Lack of Due Diligence: The NSA’s “the Analyst Didn’t Give a Fuck” Violation

The NSA claims there have been no willful violations the law relating to the NSA databases. For example, NSA’s Director of Compliance John DeLong just said “NSA has a zero tolerance policy for willful misconduct. None of the incidents were willful.” House Intelligence Chair Mike Rogers just said the documents show “no intentional or willful violations.”

Which is why I want to look more closely at the user error categories included in the May 3, 2012 audit.

The report doesn’t actually break down the root cause of errors across all violations. But it does for 3 different types of overlapping incident types (the 195 FISA authority incidents, the 115 database query ones, and the 772 S2 Directorate violations).

It says the root cause for FISA authority incidents breaks down this way:

  • 60 resource (31% of all FISA authority violations)
  • 39 lack of due diligence (20% of all FISA authority violations)
  • 21 human error (11% of all FISA authority violations)
  • 3 training (1.5% of all FISA authority violations)
  • 67 system limitations (34% of all FISA authority violations, mostly on the roamer problem)
  • 4 system engineering (2% of all FISA authority violations)
  • 1 system disruption (.5% of all FISA authority violations)

It says the root cause of all database query incidents breaks down this way:

  • 85 human error (74% of all database query incidents)
  • 13 lack of due diligence (11% of all database query incidents)
  • 9 training (8% of all database query incidents)
  • 7 resources (6% of all database query incidents)
  • 1 system disruption (~1% of all database query incidents)

And it breaks down the errors in its worst performing (in terms of violations) Deputy Directorate organization, S2, this way:

  • 71 human error (9% of all S2 violations)
  • 80 resources (10% of all S2 violations)
  • 68 lack of due diligence (9% of all S2 violations)
  • 2 resources
  • 9 training (1% of all S2 violations)
  • 541 system limitations (70% of all S2 violations)
  • 1 system engineering

What I’m interested in are the three main types of operator error: human error, resources, and lack of due diligence.

Human error is, from the descriptions, an honest mistake. It includes broad syntax errors, typographical errors, Boolean operator errors, misapplied query technique, incorrect option, unfamiliarity with tool, selector mistypes, incorrect realm, or improper queries. Let’s assume, improbably, that none of the violations listed as human error were anything but honest mistakes. These honest mistakes account for anywhere from 9% to 74% of the violations broken out by root cause.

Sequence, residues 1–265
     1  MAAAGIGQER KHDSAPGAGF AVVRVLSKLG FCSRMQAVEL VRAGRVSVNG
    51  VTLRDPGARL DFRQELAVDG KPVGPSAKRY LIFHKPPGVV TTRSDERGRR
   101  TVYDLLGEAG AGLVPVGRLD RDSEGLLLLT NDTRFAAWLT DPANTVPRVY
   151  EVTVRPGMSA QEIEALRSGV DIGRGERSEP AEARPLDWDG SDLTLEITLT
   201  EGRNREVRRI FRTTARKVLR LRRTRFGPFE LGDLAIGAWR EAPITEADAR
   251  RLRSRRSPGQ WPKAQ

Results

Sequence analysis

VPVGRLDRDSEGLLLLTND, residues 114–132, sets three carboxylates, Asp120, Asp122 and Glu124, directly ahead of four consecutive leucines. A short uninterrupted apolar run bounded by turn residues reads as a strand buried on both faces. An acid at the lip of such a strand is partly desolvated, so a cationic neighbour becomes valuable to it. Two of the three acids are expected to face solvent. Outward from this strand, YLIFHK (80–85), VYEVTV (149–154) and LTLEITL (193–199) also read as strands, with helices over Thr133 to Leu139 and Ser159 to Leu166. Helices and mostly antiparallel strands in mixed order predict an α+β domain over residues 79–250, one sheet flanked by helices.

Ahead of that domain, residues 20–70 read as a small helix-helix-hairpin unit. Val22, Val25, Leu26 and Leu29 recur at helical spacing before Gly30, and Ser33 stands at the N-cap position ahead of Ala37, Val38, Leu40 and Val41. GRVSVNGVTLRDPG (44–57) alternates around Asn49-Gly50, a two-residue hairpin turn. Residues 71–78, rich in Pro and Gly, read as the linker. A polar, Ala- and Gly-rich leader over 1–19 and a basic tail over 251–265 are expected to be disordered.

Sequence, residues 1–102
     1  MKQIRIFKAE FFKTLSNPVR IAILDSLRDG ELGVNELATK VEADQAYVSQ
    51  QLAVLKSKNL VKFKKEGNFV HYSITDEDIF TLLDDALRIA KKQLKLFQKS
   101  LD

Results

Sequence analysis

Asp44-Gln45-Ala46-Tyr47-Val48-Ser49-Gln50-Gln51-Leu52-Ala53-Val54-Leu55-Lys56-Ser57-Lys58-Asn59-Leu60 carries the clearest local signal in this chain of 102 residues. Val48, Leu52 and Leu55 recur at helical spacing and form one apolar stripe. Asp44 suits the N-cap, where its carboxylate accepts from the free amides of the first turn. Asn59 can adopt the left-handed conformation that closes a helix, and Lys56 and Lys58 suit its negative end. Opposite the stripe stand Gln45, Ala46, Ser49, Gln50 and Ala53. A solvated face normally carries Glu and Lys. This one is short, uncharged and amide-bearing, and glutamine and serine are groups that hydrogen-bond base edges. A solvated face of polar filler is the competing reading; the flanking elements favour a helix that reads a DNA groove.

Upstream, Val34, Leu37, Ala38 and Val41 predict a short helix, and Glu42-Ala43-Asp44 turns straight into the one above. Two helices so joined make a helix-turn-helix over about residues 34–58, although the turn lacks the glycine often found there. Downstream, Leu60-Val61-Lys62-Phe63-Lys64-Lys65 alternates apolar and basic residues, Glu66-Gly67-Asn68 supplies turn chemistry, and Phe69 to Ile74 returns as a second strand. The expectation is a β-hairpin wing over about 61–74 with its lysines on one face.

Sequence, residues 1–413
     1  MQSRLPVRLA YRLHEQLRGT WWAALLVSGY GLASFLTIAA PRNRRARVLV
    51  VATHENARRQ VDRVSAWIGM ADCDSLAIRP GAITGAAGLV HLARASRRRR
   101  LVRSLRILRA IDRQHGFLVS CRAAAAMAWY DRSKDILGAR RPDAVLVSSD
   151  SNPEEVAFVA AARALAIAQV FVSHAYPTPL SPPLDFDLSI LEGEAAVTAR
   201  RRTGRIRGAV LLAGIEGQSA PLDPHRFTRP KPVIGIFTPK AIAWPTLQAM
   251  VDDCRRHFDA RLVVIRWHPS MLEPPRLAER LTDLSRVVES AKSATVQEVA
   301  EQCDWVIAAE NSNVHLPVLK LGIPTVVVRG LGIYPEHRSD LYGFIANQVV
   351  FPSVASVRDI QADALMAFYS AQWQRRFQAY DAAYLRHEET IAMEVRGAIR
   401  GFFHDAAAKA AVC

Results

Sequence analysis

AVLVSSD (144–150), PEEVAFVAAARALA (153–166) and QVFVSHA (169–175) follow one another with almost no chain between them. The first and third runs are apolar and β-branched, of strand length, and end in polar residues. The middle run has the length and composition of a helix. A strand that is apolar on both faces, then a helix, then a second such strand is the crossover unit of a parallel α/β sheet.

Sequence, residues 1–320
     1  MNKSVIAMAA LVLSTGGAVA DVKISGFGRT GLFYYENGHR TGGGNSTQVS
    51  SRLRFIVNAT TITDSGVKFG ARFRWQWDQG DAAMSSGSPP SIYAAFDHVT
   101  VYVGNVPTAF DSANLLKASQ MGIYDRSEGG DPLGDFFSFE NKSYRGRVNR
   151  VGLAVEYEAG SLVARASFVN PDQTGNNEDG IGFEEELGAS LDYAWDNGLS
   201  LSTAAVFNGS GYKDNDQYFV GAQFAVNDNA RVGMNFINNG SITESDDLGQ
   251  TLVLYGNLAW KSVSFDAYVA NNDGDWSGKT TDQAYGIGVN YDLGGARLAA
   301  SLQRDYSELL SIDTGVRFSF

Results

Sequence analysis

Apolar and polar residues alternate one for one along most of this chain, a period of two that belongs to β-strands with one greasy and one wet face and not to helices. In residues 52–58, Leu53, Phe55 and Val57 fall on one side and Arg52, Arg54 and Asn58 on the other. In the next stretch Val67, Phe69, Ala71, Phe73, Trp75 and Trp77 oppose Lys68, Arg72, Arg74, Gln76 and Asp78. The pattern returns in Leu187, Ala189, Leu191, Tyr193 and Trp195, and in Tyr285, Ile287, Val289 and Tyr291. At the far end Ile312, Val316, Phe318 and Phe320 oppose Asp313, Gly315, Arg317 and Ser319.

Then there’s resource violations. Those are described as “inaccurate of insufficient research information and/or workload issues.” So partly, resource violations stem from someone having too much analysis to do. But given that “inaccurate or insufficient research information” always appears first, it seems that resource violations arise when an analyst targets someone based on a faulty understanding about this person. Given how prominent this problem is for FISA violations, I suspect it includes, in part, target location. It may also pertain to targets erroneously believed to have a tie to terror or Chinese military or Iranian nukes. These appear to mistakes based on the analyst not having enough or accurate information before she starts the collection. These may or may not be honest mistakes. The description of them as resource errors suggests they may in part by people taking research short cuts. Resource problems account for anywhere from 6% to 31% of the violations broken out by root cause.

But then there’s a third category: lack of due diligence. The report defines lack of due diligence as “a failure to follow standard operating procedures.” But some failure to follow standard operating procedure is accounted for in other categories, like training, the misapplied query techniques, and the apparent inadequate research violations. This category appears to be something different than the “honest mistake” errors categorized under human error. In fact, by the very exclusion of these violations from the “human error” category, NSA seems to be admitting these violations aren’t errors. These violations of standard operating procedures, it seems, are intentional. Not errors. Willful violations.

At the very least, this category seems to count the violations on behalf of analysts who just don’t give a fuck what he rules are, they’re going to ignore the rules.

This category, what consider the “Analyst didn’t give a fuck” category, accounts for 9% to 20% of all the violations broken out by root cause.

In aggregate, these violations may not amount to all that many given the thousands of queries run every year — they make up just 68 of the violations in S2, for example. Those 68 due diligence violations make up almost 8% of the violations in the quarter, not counting due diligence violations that may have happened in other Directorates.

John DeLong, who is in charge of compliance at NSA, says the Agency has zero tolerance for willful misconduct. But the NSA appears to have a good deal more tolerance for a lack of due diligence.

12 replies
  1. der says: